Shippers' council worried about possible US downgrade
April 01, 2014 00:00 By Petchanet Pratruangkrai The
The Thai National Shippers' Council is highly worried by the prolonged political conflict and the possibility of the country's trade status being downgraded by the United States this year, as both risk damaging Thailand's export competitiveness.
The TNSC projects export growth this year of no more than 5 per cent because foreign traders are losing confidence in Thailand. Although February’s exports increased by 2.43 per cent year on year, shipments in the first quarter could face flat growth.
TNSC chairman Nopporn Thepsithar said the export sector faced many risks. The two major concerns are the prolonged political unrest and lack of a permanent government to implement policies driving exports, as well as the risk of the country’s key industries being downgraded by the US when it revises its trade status.
“Thailand could find it more difficult to compete with export rivals as traders lose confidence amid the political conflict,” he said, adding that Thailand could face higher tariffs by 3-5 per cent next year if it is downgraded to Tier III, the weakest category for US trade status.
Thailand has been in Tier II for three years.
The US is scheduled to revise Thailand’s trade status in September after allegations that several of the Kingdom’s industries have violated labour standards, including those involving children. The garment, sugar and fishery industries are among those whose practices have been questioned.
Nopporn said that if it were downgraded, Thailand would not only face difficulties trading with the US, but also with other key partners such as the European Union and Japan, as they are also concerned about illegal workforces. The country’s image could be damaged, and that could affect trading ability next year.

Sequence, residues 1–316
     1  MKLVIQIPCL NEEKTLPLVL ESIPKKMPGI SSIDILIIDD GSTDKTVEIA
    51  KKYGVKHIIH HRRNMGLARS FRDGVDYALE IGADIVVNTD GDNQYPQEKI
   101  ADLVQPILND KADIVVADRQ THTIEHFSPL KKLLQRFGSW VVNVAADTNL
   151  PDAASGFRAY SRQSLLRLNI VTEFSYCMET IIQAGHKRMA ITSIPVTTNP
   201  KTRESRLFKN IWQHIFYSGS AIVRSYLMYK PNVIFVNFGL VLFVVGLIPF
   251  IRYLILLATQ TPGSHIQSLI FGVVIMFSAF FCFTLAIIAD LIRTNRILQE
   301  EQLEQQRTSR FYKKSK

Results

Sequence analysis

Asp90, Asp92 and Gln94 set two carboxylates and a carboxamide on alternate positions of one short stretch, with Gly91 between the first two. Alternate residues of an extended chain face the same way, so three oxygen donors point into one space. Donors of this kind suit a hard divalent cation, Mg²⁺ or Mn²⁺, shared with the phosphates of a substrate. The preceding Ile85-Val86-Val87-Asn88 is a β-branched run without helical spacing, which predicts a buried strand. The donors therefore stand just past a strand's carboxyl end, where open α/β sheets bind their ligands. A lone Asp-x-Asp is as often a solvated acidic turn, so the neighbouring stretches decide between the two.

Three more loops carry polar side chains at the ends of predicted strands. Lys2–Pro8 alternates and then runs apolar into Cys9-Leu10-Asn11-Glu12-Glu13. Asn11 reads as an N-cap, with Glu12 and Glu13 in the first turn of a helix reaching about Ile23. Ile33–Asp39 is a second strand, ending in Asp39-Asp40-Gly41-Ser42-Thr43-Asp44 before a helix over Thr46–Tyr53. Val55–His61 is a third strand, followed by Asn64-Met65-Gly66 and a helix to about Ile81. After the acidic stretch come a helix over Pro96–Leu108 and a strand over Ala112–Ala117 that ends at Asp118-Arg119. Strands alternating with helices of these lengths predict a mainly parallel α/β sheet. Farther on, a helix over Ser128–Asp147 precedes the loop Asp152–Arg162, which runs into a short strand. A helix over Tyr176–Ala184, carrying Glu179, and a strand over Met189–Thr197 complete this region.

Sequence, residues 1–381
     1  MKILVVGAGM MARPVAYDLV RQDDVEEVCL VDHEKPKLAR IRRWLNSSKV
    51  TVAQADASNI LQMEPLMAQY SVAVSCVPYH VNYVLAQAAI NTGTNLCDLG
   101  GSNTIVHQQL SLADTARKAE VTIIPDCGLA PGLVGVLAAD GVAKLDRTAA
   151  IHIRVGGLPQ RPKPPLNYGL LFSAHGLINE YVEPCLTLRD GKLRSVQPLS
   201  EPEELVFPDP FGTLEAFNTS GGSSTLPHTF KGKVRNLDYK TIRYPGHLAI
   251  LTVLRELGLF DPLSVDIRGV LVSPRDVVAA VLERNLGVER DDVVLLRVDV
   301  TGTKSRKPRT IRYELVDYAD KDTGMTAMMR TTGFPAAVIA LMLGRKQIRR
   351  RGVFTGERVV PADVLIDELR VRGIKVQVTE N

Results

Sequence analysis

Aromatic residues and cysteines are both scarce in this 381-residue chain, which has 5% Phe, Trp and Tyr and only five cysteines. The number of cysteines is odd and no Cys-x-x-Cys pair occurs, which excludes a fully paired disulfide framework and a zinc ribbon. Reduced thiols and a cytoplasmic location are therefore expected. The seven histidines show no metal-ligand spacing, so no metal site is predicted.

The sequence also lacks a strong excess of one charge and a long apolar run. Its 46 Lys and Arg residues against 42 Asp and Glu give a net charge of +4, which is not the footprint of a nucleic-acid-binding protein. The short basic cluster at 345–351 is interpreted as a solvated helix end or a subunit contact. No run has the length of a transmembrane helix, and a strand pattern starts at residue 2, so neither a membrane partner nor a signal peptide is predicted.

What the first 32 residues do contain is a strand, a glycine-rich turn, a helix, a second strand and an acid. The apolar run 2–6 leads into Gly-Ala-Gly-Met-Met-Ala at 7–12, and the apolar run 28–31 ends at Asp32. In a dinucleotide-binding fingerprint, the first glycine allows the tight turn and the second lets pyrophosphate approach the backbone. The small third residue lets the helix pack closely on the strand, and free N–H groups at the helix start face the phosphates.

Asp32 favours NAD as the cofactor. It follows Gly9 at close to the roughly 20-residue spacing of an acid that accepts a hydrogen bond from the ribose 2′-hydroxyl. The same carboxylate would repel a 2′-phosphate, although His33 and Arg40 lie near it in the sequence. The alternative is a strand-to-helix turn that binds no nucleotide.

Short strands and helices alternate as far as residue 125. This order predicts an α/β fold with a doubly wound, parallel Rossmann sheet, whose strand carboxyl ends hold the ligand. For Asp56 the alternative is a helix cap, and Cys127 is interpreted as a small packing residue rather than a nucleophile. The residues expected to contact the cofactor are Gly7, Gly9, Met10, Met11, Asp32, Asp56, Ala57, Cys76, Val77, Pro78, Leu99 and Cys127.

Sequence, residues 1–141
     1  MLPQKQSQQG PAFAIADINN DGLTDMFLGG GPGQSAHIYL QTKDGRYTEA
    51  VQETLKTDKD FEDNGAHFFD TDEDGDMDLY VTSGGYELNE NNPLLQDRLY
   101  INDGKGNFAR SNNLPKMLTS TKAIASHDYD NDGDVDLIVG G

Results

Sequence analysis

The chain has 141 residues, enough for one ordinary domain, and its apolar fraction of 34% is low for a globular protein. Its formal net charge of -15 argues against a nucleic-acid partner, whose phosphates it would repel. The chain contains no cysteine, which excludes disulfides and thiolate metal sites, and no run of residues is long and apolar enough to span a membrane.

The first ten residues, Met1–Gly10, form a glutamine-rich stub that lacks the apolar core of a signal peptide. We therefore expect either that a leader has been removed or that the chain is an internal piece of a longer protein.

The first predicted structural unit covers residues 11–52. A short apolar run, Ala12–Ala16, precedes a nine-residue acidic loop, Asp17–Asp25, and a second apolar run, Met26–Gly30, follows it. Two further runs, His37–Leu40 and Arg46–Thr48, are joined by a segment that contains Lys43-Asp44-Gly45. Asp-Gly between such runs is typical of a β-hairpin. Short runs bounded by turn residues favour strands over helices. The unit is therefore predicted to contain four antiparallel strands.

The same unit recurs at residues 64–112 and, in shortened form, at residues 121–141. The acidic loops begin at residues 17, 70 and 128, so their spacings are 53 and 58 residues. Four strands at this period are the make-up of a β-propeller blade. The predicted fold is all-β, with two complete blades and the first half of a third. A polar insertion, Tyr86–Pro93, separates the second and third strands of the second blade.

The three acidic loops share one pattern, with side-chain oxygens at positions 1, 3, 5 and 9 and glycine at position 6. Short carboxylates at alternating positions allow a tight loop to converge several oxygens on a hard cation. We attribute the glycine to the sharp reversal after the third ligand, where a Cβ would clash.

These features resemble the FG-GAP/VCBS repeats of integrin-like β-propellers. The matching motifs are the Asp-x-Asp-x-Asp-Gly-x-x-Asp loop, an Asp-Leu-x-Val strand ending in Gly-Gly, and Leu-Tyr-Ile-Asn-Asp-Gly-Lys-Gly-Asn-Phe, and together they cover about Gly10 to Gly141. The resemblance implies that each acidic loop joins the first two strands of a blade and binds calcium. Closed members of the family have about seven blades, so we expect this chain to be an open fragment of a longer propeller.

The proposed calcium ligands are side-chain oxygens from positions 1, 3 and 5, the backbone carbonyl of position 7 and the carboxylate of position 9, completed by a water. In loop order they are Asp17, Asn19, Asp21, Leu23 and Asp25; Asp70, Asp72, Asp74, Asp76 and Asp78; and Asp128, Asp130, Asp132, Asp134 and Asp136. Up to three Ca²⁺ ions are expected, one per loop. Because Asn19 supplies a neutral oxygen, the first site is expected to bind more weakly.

Also, he said the manufacturing and export sectors were hoping that the political conflict will end soon, as it has started to stall investment.
Other risks that could affect Thailand’s trading are Japan’s scheduled increase of its value-added tax from 5 per cent to 8 per cent this month, as well as fluctuating exchange rates and volatile oil prices.
Vallop Vitanakorn, vice chairman of the TNSC, said that as long as there is no permanent government, Thailand was unable to move ahead with negotiations on a free-trade agreement with the EU. As the union will cut off its Generalised System of Preferences for Thailand by the end of this year, the country will lose trade privileges when competing with other countries in the European market.
Vallop said that to ensure export growth of 5 per cent this year, average shipment value needed to be more than US$20 billion (Bt650 billion) a month. However, working against that possibility is the ongoing political problem, while shipments in the future could be reduced by less investment.
The lack of a Board of Investment committee to grant privileges to foreign investors will also affect Thailand’s export ability in the near future, he said.
About Bt500 billion to Bt600 billion of combined initial investment capital is waiting for approval by the BOI, but the caretaker government is not empowered to appoint a new committee.